Merab writes: “Goethe said that when approaching Kant one was overwhelmed by a feeling of coming out from a dark forest into a sunlit meadow – a certain space extracted and united by light. The space in question is a sort of “understanding place”, a place in and from which something can be seen. In this lucid space, the light is so bright that you begin to understand and yet, having understood, you still understand nothing – in other words, you can’t explain what you have understood.”
When I took the liberty of asking Iza whether there was any sense to go on living if there was no Merab, she said: “You know, I just don’t know… What sense could there be? Merab wanted to live so much. He wanted to live. He loved the sun, light, sunrise… In the morning I tiptoed into his room to draw the curtains because the sun was beginning to enter… But he said: no, leave, go away, you are in the way, leave me the sun…”
Thanks to Iza Mamardashvili, Alexander Piatigorsky, Yuri Senokosov, Anatoly Akhutin, Erikh Solovyev, Tamara Dularidze, Noemia Ahimeir and all the other people, conversations with whom were used in this article.
Merab -- I never called him that during his lifetime, he was always Merab Konstantinovich to me, and by using this friendly form of address here I am not posing as his acquaintance or friend; in memoirs or essays practically everyone refers to him in this manner. Unlike his many Soviet colleagues Merab was a democratic and approachable man who didn't keep his distance and knew how to make the so-called "little people" feel noticed -- eg the neighbours in his communal flat, among whom there were ex-convicts, and also a stukach (informant), whose duty was to keep an eye on Mamardashvili.
Valery Podoroga in a 2003 lecture on Grigory Shchedrovitsky and Merab Mamardashvili, delivered at the School of Culture Politics.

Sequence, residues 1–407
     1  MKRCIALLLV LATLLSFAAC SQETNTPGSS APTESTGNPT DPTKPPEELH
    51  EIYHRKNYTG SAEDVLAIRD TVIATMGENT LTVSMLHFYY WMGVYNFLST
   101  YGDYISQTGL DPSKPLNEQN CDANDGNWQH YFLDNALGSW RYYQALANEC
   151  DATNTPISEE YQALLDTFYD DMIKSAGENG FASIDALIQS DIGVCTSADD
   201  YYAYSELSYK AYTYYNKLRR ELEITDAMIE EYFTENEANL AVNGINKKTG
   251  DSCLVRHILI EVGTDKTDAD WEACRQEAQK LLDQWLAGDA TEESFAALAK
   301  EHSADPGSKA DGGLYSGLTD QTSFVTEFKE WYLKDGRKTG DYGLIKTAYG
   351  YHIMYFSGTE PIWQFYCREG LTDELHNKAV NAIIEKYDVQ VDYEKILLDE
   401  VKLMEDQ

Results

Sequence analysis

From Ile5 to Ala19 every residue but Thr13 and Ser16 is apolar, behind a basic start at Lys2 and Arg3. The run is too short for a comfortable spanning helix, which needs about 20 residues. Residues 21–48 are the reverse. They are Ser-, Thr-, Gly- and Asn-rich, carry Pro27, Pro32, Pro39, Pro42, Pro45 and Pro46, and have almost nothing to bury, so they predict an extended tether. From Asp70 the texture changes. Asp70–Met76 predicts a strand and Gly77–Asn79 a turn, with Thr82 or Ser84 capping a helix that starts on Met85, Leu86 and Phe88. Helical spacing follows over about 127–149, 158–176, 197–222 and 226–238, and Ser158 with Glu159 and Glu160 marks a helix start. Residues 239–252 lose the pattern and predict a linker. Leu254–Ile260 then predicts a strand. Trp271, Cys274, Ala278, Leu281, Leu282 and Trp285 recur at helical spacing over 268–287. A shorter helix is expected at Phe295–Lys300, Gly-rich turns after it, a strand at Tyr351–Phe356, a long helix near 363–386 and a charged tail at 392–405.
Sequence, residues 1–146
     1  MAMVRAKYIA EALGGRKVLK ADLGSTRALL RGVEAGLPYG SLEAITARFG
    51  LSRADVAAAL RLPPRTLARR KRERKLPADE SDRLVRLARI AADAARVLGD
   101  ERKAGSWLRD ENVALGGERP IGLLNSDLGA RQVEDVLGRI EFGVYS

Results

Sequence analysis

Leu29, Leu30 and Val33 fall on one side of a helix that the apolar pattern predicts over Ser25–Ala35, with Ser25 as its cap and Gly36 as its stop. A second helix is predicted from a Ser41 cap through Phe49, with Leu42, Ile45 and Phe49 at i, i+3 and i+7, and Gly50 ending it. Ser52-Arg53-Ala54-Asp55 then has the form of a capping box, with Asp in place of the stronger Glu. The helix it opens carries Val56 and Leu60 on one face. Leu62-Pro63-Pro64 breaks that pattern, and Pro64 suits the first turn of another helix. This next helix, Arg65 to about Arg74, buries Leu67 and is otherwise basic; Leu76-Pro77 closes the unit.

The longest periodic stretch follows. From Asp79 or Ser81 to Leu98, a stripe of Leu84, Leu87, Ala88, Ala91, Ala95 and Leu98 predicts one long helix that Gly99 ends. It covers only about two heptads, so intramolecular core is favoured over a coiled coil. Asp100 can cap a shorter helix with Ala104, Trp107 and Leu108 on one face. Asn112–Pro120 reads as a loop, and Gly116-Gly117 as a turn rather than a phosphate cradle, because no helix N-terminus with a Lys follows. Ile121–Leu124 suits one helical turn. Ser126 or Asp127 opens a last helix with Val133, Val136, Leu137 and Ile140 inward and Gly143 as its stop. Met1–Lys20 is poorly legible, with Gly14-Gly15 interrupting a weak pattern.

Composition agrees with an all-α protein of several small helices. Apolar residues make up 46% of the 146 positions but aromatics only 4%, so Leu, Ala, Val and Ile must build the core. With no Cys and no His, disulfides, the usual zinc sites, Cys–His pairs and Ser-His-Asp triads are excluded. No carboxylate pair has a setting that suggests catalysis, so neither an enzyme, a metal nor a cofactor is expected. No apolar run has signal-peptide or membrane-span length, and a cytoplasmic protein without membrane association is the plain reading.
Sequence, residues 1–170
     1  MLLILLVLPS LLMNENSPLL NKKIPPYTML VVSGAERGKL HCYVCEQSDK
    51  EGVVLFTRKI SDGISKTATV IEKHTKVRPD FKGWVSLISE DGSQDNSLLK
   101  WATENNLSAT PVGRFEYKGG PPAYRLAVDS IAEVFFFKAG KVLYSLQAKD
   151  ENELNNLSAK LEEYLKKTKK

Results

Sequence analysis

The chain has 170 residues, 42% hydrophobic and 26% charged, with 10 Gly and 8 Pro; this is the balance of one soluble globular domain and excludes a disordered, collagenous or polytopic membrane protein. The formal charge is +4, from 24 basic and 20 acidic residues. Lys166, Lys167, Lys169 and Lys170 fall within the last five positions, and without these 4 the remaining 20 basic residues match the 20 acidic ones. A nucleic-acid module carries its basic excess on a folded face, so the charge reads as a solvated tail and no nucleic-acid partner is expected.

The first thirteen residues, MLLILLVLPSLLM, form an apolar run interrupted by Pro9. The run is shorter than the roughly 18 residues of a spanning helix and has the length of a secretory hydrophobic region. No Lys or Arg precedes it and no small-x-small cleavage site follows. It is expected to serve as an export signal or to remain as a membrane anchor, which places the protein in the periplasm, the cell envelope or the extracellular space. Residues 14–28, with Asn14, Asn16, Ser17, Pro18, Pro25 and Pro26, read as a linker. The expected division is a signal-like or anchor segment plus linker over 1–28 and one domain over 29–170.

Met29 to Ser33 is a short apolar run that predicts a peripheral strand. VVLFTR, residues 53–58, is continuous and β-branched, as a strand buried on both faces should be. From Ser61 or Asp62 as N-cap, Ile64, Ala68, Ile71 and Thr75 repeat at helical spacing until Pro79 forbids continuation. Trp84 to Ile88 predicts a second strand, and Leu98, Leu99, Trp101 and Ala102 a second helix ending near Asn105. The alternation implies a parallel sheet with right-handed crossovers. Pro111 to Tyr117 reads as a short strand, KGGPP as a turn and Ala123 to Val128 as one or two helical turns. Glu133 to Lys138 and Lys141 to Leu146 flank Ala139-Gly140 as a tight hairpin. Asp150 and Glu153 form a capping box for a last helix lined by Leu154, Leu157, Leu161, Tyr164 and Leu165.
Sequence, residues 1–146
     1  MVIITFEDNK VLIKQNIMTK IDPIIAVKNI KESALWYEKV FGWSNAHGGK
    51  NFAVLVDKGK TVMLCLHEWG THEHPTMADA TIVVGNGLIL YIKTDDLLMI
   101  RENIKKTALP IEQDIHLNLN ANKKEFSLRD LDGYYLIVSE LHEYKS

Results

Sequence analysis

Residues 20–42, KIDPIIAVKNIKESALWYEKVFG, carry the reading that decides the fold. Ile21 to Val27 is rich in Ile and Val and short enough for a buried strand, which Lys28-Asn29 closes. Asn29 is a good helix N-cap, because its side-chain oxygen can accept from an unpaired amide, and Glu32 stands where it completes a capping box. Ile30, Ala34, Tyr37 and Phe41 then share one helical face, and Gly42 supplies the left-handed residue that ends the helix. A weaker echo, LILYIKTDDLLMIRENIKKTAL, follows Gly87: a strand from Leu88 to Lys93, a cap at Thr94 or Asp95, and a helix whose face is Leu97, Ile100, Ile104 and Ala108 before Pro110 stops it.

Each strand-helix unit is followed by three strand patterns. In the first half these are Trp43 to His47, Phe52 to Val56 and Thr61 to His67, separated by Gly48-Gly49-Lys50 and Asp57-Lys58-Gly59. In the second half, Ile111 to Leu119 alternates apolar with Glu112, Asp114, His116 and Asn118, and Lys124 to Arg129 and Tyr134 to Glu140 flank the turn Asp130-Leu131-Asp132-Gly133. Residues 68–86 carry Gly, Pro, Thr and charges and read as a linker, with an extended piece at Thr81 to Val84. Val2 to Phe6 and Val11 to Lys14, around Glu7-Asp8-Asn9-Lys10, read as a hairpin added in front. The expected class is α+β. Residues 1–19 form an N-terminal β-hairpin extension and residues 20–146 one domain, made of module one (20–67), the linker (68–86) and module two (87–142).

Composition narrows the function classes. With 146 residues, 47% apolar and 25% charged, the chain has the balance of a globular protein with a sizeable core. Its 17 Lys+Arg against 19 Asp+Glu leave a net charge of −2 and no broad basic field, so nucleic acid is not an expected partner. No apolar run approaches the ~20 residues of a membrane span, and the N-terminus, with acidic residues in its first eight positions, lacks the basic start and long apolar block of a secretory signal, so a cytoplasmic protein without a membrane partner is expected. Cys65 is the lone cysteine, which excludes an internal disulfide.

In 1979 in Riga, in the overcrowded Auditorium 1 of the Faculty of Philosophy Mamardashvili delivered six lectures on consciousness, published in 1984 I don't know of another contemporary philosopher (admittedly, I'm not sure since I haven't paid it much attention, but Heidegger and also Wittgenstein are reported to have been like that) who would have insisted on speaking practically off the cuff so much, perhaps occasionally making use of quotes and examples prepared beforehand. Mamardashvili believed that it is exactly when speaking in this manner that the something of which we have no previous knowledge but which nevertheless happens, could happen.
In his novel, which was published in the West, Zinoviev calls Mamardashvili "Thinker". He tries very hard to include him among those Soviet intellectuals whose motivation in life indeed was self-interest, envy, heavy drinking, etc. To quote: "Thinker knew he was the smartest and best-educated man in the whole of Ibansk. He held a post in the Magazine and felt content because most people didn't even have that. But he was also discontent because there were others who occupied higher posts. [...] The reputations of decent and progressive people grew. There even emerged a specific type of Soviet intellectual which Chatterer referred to as "the sort of oppressed". Their ideal was gorging on devilled chicken or shish-kebab in a chic restaurant or an opulent flat, washing it down with excellent dry wines, drinking French cognac or Scotch, going to bed with every bird or bloke who had caught their eye, and appearing oppressed and persecuted at that. Classic examples of the type were Thinker and Spouse."